Fertility: Is Age a Factor?


It’s a biological fact that for both men and women, fertility declines with age. So, the longer time a couple waits, the lower is their potential to conceive. Several studies show that women younger than 35 and men younger than 40 have a better chance of getting pregnant. This goes both for natural pregnancies and with fertility treatments.

So why does fertility drop with age?

Age and Fertility for women

Age is the single biggest factor affecting a woman’s chances of conceiving and giving birth to a healthy baby. Several scientific papers show that a woman’s fertility starts to decline when she is in her early 30s, with the decline speeding up after 35 [1]. The below figure clearly (NHS statistics) illustrates the association between age and IVF birth-rate. The higher the age, the lower the chances of a live birth.

age and fertility

Men continue to produce sperm throughout their lives. Unlike men, a woman is born with all the egg-containing follicles that she’ll ever have. The age-related decline in female fertility is therefore mainly because a few eggs are released from the ovaries every month. Due to hormonal changes, this leads to a decline in the total pool of eggs per cycle. It also leads to a decline in the quality of those eggs. Menopause is the time when menstrual periods stop permanently. The average age for menopause is 51. However, most women become unable to have a successful pregnancy sometime in their mid-40s.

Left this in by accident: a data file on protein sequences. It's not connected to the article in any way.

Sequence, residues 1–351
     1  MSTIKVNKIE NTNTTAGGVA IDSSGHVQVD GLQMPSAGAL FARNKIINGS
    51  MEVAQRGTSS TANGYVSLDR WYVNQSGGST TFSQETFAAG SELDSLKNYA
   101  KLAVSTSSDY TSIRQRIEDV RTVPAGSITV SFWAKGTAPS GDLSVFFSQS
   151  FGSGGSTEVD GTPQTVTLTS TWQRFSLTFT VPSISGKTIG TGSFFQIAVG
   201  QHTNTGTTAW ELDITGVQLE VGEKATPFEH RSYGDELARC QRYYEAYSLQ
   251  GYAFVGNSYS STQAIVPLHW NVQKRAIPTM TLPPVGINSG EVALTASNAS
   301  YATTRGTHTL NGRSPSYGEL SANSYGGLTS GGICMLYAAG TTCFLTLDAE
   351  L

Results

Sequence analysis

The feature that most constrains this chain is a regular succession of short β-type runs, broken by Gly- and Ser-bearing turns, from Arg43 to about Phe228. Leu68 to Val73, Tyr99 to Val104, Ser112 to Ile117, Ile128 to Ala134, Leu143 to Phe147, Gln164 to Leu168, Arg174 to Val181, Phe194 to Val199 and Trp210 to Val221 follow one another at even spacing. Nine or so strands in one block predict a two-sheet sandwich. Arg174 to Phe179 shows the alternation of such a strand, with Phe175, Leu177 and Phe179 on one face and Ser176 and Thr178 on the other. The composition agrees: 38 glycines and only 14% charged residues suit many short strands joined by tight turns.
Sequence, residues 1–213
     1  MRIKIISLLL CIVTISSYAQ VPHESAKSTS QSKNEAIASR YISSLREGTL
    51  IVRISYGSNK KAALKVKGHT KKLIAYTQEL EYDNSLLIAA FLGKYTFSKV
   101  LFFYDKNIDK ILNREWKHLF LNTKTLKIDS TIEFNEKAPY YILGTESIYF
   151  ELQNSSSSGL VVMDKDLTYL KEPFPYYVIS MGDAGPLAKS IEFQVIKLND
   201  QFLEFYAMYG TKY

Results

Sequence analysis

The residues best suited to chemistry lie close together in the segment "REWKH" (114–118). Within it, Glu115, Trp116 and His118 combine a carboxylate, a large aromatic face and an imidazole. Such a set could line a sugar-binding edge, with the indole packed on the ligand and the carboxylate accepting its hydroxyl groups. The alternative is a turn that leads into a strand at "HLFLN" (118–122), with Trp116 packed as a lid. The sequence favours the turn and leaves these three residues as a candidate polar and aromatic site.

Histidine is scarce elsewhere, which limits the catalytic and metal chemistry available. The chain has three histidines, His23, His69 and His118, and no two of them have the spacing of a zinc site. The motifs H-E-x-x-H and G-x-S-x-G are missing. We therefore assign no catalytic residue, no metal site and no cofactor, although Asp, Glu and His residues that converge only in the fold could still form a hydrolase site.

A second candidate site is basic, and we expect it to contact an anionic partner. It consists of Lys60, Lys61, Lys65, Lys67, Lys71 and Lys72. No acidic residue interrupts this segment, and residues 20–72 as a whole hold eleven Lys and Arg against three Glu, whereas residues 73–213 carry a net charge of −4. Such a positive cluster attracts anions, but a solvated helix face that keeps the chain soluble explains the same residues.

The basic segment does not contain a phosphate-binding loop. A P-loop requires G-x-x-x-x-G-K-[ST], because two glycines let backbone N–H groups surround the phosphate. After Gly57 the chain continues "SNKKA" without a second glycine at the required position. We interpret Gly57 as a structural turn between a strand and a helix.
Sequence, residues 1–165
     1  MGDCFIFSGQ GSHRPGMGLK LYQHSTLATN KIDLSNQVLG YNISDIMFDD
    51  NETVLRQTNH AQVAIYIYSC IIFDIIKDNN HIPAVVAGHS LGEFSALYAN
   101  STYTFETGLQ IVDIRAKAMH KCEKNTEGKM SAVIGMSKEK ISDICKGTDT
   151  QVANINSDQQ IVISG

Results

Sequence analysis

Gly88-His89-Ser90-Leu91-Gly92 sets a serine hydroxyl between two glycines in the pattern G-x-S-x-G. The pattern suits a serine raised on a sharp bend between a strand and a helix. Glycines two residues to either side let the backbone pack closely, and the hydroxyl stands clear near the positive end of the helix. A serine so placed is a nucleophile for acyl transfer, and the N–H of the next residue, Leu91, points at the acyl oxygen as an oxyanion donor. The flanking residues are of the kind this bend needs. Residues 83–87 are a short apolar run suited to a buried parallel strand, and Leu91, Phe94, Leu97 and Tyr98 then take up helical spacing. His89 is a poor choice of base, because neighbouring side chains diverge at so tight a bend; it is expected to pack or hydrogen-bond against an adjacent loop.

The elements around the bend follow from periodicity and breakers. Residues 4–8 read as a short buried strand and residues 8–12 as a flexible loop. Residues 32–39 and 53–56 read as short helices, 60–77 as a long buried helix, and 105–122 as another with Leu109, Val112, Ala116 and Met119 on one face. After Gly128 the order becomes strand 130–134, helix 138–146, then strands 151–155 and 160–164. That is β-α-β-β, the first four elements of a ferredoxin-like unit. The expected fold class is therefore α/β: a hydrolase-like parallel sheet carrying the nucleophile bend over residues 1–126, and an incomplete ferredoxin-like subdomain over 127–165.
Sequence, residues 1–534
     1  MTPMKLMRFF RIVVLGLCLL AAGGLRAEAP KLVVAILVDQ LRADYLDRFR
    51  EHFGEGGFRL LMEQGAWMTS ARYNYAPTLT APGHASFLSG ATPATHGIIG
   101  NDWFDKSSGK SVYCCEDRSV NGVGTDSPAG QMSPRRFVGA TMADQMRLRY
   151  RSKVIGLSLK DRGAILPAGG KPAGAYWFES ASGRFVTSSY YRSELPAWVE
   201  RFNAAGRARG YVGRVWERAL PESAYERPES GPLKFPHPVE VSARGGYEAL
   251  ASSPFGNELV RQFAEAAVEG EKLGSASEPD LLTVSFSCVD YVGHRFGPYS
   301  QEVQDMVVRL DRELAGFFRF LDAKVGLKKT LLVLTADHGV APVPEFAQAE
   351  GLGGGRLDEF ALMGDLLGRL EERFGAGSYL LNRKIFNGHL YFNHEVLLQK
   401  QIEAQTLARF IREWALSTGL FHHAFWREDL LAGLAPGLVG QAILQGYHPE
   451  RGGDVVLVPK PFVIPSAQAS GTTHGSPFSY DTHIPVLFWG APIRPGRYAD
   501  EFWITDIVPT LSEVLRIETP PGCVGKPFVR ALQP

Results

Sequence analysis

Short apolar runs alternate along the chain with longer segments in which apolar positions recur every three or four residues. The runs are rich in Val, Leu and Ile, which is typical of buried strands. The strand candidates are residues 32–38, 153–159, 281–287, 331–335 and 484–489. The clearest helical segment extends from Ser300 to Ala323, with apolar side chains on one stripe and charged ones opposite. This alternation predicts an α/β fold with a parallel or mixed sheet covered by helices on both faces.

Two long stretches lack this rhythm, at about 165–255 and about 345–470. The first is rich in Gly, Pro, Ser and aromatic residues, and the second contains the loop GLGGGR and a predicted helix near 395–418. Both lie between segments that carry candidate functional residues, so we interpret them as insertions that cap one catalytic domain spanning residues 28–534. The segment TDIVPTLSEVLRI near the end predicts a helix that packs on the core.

Age and fertility for Men

In contrast to the relatively abrupt changes that occur during female menopause, male reproductive function gradually declines during the aging process [2].

In general, scientific papers show that a decline in semen parameters appear to be mild with male aging – but this still affects time to pregnancy [3].

Age and sperm quality

As men age, their testes tend to get smaller and softer, resulting in a decline in sperm quality and production. These changes are partly because of an age-related decrease in testosterone level, which plays a very important role in sperm production. Higher male age is not only associated with a decline in sperm production. It’s also associated with the negative effects of increased sperm DNA fragmentation [4], worsened morphology (shape) and motility (movement). All these negative effects make the sperm cells less qualified for egg fertilization [5].

Furthermore, studies show that there is a higher risk of birth defects like autism, and some diseases like cancer and schizophrenia when men have children later in life. This is mainly due to an increased amount of DNA mutations with age, but also (to some extent) to the higher DNA fragmentation rate.

Recommendations if you’re concerned about age

– In cases where infertility has lasted for more than 6 months and the age of the female partner is more than 35, the couple should consult a fertility specialist for a comprehensive fertility evaluation.

– In cases where infertility has lasted for more than 12 months and the age of the male partner is more than 40, you should consider a sperm DNA fragmentation test.


1 thought on “Fertility: Is Age a Factor?”

  1. Bamijoko Thomas

    I am63 and my partner is 29 yrs is there any chance to get her pregnant, is there any help we can receive.

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